Even if I use my MCU at a 1 Hz clock frequency (that's very slow!) but connect a resistor + LED to GND to one of the outputs and make the LED light up, I can make the setup use say 10 mA. Switch the LED off and it consumes 1 uA.
My point being: the current consumption of any MCU does not only depend on what clock frequency it is using but also what is connected to the outputs. If an output has to deliver current (as in my LED example above) then you will see that current back in the supply current.
Also an MCU in standby will consume a lot less current than the same MCU running some heavy calculations.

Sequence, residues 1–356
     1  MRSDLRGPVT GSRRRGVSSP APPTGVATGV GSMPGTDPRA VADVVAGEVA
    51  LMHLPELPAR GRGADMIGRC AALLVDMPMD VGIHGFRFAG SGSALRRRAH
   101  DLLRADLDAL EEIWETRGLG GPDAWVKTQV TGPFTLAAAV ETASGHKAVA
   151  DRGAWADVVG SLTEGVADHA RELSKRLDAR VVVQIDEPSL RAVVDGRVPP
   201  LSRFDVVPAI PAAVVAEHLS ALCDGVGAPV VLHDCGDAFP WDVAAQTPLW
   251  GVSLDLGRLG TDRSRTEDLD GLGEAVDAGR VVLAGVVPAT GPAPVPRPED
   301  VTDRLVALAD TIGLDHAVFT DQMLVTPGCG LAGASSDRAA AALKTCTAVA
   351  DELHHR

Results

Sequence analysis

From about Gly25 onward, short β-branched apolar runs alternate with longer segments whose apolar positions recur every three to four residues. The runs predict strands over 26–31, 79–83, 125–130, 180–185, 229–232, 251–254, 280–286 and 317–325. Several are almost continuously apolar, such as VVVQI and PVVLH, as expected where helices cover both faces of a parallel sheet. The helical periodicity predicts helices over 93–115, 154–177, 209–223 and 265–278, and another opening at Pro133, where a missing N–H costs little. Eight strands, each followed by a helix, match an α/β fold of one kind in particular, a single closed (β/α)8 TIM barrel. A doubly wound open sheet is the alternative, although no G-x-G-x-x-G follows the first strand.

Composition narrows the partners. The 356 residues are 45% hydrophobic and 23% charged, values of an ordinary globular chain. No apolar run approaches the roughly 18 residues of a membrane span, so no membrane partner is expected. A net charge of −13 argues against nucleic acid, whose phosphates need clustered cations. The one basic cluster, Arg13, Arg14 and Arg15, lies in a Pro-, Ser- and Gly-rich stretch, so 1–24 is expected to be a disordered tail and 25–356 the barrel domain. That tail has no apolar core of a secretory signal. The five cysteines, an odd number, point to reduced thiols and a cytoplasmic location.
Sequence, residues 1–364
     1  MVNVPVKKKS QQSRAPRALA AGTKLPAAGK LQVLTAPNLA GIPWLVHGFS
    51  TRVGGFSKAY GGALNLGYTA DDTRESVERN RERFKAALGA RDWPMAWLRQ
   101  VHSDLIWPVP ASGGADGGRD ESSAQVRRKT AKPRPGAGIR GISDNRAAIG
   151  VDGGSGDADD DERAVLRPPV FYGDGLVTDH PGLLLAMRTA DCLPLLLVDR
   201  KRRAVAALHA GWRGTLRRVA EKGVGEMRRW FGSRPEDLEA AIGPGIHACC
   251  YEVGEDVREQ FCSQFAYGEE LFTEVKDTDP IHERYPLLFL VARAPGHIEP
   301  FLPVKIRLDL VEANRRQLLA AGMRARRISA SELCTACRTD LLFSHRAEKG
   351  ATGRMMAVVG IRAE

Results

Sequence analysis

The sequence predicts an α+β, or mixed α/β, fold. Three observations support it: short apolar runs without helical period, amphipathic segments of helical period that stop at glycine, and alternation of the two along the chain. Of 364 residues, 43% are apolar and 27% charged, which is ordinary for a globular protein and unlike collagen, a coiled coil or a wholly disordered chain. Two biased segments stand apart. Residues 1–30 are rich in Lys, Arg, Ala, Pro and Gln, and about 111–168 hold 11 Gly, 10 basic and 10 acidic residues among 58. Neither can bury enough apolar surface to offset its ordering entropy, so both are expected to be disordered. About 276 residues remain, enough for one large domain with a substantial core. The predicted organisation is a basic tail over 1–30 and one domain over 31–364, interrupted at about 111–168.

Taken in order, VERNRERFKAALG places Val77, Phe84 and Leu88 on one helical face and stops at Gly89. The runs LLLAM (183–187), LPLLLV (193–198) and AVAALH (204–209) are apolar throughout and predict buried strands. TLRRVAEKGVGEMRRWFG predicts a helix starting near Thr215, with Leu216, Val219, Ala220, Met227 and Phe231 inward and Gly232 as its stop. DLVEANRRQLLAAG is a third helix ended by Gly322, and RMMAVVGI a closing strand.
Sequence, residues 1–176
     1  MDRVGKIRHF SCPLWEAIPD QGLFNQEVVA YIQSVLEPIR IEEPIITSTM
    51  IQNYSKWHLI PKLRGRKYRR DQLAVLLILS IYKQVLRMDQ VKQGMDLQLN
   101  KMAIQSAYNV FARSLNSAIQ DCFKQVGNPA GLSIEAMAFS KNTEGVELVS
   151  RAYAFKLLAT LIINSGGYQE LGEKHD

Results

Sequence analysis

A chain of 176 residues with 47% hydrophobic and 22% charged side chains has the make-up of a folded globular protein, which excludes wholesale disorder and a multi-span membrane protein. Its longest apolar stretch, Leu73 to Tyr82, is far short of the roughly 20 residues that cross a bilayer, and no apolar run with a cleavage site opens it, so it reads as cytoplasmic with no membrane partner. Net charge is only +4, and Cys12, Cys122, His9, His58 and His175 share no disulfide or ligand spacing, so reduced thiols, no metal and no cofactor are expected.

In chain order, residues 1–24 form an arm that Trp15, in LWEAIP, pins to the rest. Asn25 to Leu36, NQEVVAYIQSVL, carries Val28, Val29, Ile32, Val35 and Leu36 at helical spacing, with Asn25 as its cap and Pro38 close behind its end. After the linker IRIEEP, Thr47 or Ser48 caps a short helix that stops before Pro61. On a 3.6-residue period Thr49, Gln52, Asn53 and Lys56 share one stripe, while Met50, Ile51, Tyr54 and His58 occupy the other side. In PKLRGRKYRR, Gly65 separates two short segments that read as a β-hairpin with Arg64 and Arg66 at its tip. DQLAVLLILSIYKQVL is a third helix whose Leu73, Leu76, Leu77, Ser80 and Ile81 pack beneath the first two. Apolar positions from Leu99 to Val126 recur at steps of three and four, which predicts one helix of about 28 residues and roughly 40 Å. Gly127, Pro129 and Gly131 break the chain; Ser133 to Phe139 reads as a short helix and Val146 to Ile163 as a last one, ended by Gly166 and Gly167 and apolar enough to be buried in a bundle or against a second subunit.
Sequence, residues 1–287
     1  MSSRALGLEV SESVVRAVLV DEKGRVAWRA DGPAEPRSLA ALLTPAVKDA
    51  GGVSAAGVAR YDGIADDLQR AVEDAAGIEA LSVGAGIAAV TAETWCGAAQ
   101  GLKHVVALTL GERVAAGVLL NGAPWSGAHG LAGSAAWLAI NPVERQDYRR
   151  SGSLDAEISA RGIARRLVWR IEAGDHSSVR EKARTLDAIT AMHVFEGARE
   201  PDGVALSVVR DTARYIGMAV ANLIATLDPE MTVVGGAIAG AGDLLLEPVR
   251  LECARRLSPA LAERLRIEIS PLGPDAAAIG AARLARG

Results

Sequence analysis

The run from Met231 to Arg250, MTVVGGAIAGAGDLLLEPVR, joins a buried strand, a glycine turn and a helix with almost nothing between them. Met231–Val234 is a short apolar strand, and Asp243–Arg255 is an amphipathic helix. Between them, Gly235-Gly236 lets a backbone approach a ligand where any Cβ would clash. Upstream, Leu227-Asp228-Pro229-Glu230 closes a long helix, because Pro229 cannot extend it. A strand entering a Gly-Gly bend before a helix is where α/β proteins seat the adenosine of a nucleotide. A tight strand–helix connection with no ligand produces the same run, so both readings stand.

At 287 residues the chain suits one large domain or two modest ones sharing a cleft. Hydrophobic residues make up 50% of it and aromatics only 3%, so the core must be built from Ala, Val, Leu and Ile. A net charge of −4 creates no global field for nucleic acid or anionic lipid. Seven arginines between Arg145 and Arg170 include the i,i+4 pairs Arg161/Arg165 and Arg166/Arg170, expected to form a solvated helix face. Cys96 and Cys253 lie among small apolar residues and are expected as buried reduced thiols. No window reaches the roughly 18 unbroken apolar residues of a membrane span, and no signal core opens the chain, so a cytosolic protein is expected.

You should determine where the current is consumed. Switch off as many blocks as possible and switch them back on one by one to determine which block consumes how much.
Also note that current consumption can vary a lot, most low power products rely on a low duty cycle. Say an MCU consumes 10 mA when active but it is only active for 1 second every 5 minutes. Then the average current is:
1 sec / (5 x 60 sec) * 10 mA = 1/300 * 10 mA = 33 uA
That is the average current so when running on a battery that could result in a battery life of many months (depending on the battery of course).